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Oregon investigator concluded that Ed Murray mayor abused foster son in 1984

Lewis Kamb and Jim Brunner, The Seattle Times on

Published in News & Features

SEATTLE -- An Oregon child-welfare investigator concluded that Ed Murray sexually abused his foster son in the early 1980s, leading state officials to assert that "under no circumstances should Mr. Murray be certified" as a foster parent in the future, according to public records obtained by The Seattle Times.

The investigation by Oregon Child Protective Services of Jeff Simpson's allegations determined them to be valid -- meaning the agency believed that Murray, who is now mayor of Seattle, sexually abused Simpson, the records show.

"In the professional judgement of this caseworker who has interviewed numerous children of all ages and of all levels of emotional disturbance regarding sexual abuse, Jeff Simpson has been sexually abused by ... Edward Murray," CPS caseworker Judy Butler wrote in the May 1984 assessment.

Murray last week repeated in an interview that he never abused Simpson, and he noted that prosecutors decided decades ago not to charge him.

Still, the newly disclosed records reveal that a Multnomah County, Ore., prosecutor withdrew a criminal case against Murray because of Simpson's troubled personality, not because she thought he was lying.

"It was Jeff's emotional instability, history of manipulative behavior and the fact that he has again run away and made himself unavailable that forced my decision," Deputy District Attorney Mary Tomlinson wrote.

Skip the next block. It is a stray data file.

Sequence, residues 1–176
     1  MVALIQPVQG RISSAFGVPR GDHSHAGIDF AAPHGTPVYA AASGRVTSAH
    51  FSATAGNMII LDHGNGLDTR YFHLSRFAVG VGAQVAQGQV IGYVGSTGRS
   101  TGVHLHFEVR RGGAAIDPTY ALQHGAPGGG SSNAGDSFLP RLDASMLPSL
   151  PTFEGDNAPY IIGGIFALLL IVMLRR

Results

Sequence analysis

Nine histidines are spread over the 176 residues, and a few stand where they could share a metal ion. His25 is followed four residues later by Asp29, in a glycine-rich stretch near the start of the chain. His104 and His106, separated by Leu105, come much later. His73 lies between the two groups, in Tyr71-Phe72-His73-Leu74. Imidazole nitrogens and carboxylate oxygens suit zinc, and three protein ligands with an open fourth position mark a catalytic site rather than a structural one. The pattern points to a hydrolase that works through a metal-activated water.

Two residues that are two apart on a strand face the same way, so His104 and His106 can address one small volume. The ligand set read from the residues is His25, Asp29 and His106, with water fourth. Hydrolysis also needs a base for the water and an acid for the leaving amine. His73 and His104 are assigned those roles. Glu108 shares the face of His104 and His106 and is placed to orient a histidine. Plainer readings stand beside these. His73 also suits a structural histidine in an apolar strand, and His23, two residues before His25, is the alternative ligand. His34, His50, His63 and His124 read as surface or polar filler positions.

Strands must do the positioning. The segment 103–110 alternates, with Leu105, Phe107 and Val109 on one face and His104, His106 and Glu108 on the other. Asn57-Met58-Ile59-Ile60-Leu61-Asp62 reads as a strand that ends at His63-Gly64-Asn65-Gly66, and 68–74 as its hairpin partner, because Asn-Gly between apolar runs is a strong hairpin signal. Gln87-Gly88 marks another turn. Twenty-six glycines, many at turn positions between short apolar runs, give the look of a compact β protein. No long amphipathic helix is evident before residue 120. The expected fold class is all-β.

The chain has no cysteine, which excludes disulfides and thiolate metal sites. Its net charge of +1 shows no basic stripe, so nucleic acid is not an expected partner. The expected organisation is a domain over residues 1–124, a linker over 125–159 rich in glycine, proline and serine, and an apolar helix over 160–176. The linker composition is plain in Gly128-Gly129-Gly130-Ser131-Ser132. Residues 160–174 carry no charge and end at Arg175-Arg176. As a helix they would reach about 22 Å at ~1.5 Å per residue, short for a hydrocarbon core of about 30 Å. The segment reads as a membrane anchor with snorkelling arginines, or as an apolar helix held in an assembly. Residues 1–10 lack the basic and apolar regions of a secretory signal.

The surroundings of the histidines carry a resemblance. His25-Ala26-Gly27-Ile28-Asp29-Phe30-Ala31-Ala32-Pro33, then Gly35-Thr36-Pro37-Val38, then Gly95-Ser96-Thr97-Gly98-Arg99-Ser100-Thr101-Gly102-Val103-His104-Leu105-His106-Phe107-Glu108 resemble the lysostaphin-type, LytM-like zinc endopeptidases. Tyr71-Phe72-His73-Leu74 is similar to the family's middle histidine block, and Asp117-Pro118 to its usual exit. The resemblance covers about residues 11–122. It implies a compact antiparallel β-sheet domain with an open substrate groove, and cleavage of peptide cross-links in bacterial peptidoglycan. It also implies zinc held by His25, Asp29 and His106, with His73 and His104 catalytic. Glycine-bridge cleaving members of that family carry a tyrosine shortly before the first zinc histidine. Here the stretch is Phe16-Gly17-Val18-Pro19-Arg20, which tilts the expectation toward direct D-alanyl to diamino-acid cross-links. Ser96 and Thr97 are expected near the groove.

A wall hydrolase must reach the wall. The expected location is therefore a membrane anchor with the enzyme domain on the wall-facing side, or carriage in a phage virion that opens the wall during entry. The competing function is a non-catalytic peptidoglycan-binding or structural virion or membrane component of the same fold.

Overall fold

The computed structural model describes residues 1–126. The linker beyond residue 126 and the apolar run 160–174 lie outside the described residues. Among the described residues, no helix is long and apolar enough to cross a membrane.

"We could not be sure of meeting the high burden of proof in a criminal case -- of proof beyond a reasonable doubt and to a moral certainty. However, this in no way means that the District Attorney's Office has decided Jeff's allegations are not true."

Unlike a criminal case, CPS child-abuse investigations determine whether "reasonable cause" exists -- a lower standard of proof than for criminal cases, but still meaning the abuse likely occurred.

The newly obtained records, previously thought destroyed, provide the clearest picture yet of the investigation of Murray, who was then a paralegal who had worked as a counselor to Simpson and other troubled children.

The documents, released to The Seattle Times this month by Oregon's Department of Human Services, also contradict public statements in recent months by Murray and his lawyer contending that investigators had debunked Simpson's allegations at the time as false.


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